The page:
Nobody else can provide your child with the love, care and affection that you can offer. But you may need to arrange for your child to be cared for by a third person, especially when its grandparents cannot look after it when you have things to do. Before you decide who to hire, you should consider your child's needs, your own needs and the time this person will spend with your child (from a few hours a week to 8 hours a day). When you take these factors into account, you will be ready to accept candidates!


The Right Choice

The choice of this person, therefore, is very important as, when it's time to leave your child in the supervision of another, it should above all be someone you trust. Begin by asking your friends and your family environment. You can contact offices or ads but be cautious and always get recommendations from others who have worked with these people. Try to find someone who has raised children of their own or has been working with children professionally. No matter who you hire however, make sure they undergo tests for tuberculosis or other infectious diseases. Your pediatrician will advise you on what to do. The most important thing is for the persons who will care for your child to love for what they do, have relevant experience and communication skills.

When the time of the interview comes:

  • Firstly, let this person play with your child and watch how they get on together.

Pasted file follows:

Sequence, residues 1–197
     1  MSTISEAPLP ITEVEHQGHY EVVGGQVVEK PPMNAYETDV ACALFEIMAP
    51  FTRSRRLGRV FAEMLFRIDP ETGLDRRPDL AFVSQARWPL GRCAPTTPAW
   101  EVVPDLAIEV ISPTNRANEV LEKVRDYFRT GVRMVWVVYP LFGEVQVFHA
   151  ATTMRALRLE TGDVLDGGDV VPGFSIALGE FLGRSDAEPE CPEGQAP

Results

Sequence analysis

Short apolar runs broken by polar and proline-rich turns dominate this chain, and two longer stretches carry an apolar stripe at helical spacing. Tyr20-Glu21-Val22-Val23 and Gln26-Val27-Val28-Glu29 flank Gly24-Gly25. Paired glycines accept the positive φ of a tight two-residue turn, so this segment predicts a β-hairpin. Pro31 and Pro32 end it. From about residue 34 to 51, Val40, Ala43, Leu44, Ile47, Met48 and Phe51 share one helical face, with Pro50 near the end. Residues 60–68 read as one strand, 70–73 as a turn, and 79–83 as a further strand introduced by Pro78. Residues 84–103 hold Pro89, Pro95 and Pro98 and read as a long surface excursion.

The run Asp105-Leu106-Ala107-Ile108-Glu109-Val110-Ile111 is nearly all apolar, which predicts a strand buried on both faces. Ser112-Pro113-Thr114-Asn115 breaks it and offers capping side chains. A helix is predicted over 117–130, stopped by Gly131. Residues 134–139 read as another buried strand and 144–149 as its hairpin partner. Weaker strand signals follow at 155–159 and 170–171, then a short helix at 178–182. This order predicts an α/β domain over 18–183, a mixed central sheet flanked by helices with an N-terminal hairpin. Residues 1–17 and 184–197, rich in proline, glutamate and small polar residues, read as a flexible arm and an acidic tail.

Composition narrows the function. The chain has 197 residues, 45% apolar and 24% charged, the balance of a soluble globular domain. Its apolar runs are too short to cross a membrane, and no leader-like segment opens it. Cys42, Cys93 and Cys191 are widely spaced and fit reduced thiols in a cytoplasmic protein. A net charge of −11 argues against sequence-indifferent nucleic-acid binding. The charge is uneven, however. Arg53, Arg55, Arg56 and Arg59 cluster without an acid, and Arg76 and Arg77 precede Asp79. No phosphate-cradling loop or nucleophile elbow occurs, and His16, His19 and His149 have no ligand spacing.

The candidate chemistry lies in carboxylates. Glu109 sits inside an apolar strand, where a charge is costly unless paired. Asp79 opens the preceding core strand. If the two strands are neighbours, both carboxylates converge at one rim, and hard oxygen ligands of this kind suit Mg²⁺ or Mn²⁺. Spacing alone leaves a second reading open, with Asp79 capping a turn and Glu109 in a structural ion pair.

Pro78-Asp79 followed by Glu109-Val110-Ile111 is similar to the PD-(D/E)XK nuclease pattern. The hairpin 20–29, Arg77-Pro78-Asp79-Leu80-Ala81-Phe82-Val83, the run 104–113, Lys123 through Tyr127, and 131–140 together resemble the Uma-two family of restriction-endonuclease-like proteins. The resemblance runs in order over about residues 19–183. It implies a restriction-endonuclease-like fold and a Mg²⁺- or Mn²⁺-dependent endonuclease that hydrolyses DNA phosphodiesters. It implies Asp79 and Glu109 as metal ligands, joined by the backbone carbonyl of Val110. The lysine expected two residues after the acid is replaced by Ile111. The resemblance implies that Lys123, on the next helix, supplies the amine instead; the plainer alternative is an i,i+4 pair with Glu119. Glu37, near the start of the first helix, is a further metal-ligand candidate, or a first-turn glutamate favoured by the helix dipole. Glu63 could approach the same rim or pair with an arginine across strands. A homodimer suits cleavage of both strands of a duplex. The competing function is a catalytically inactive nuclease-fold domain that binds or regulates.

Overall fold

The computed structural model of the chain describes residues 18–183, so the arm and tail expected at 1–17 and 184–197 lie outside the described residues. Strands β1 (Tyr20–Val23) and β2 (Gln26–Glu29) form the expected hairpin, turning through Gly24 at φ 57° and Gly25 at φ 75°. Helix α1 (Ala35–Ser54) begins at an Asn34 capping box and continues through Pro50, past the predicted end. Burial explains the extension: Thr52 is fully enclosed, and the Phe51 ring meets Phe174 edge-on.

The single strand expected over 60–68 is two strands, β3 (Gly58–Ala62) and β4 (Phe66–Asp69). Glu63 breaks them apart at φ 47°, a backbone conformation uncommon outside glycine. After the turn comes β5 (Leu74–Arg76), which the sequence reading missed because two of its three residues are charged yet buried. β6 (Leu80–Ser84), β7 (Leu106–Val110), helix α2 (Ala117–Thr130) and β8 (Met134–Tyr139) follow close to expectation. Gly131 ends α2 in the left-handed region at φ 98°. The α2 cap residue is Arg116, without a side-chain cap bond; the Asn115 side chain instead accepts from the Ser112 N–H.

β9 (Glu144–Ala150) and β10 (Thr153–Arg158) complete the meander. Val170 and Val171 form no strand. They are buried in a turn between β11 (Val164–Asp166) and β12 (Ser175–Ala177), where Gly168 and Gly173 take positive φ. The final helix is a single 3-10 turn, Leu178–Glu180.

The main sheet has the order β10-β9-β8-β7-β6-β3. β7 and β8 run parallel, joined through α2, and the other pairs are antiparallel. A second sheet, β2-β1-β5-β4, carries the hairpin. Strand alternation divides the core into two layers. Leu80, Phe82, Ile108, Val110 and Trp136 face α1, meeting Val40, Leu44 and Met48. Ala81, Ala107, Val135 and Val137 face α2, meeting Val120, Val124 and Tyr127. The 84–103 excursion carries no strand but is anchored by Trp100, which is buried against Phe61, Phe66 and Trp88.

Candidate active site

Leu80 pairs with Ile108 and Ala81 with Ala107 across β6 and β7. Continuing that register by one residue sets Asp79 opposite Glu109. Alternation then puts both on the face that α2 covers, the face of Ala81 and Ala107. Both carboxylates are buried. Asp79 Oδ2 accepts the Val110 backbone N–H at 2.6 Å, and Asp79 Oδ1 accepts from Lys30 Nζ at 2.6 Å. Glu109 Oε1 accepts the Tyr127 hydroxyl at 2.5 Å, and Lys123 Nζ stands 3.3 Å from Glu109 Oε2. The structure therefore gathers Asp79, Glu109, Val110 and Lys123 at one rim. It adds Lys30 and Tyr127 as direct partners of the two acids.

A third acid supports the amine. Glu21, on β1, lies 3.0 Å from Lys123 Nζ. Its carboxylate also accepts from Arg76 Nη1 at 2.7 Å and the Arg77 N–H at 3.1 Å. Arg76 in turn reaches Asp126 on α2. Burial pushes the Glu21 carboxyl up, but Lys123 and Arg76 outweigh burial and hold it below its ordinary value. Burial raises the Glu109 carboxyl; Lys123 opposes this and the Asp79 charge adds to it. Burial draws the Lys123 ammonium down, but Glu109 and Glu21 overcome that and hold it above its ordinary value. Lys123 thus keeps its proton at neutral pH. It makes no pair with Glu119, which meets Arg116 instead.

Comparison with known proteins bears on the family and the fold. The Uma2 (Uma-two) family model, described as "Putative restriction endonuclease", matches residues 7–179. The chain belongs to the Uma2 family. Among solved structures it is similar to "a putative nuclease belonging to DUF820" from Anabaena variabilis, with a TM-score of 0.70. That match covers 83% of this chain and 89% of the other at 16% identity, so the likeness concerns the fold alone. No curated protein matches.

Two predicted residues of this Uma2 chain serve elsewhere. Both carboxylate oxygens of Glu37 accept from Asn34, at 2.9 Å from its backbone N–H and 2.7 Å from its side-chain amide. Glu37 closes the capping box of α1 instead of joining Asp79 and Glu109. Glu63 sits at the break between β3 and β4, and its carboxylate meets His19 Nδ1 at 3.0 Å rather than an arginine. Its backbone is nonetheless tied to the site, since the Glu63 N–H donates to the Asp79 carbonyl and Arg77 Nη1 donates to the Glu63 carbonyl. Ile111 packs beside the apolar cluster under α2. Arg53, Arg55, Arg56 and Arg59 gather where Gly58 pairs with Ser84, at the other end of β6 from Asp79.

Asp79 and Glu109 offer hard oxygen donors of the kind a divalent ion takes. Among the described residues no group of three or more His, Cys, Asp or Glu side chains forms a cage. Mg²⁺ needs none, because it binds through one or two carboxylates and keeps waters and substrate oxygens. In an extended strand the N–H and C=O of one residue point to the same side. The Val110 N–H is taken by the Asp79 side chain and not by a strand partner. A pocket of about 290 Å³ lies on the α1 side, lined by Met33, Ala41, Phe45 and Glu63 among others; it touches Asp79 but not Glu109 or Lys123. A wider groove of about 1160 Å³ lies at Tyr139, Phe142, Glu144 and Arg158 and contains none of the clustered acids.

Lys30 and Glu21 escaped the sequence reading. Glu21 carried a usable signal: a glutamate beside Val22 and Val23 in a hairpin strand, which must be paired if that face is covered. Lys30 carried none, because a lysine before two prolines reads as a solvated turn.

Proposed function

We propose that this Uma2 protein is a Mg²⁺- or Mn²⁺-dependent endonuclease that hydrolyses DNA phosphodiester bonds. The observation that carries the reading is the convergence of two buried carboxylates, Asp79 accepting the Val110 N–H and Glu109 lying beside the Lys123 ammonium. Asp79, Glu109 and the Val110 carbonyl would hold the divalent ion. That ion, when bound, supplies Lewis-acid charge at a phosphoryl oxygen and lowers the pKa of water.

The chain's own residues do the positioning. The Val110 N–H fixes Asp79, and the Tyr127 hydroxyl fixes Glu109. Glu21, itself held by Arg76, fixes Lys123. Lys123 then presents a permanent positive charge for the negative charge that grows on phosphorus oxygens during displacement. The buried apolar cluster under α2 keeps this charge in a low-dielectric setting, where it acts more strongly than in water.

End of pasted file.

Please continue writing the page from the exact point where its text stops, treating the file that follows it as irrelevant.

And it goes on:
• Learn why they need the job. Are they in urgent need of a job regardless of what? Do they love kids and understand that it is a job that requires patience and time?
  • Ask for her qualifications. She does not need to have a degree in childcare but should speak Greek correctly, be versatile to motivate the child to develop its verbal skills, have experience with children and know how to handle them.
  • Ask how she would handle a situation with a child crying madly, without stopping.
  • Watch how she feeds and changes your baby.
  • Ask if she has attended first aid courses. If not, if she would be willing to attend such.


After the interview ends and she leaves the house, ask yourself some questions:

  • Did she arrive on time for the interview? If she was late, you can assume that she can be late again.
  • Was her appearance appropriate? Clean clothes, nails, hair. If it was not at your first meeting, she will probably take even less care once you hire her. This will have an impact on the daily care of your child, which may not be meticulous
  • Did you like her personality? Do you feel that you can communicate with her? Does she have humour?
  • Did your child seem to like her? How did she behave towards your child? Did she seem patient and show an interest in your child?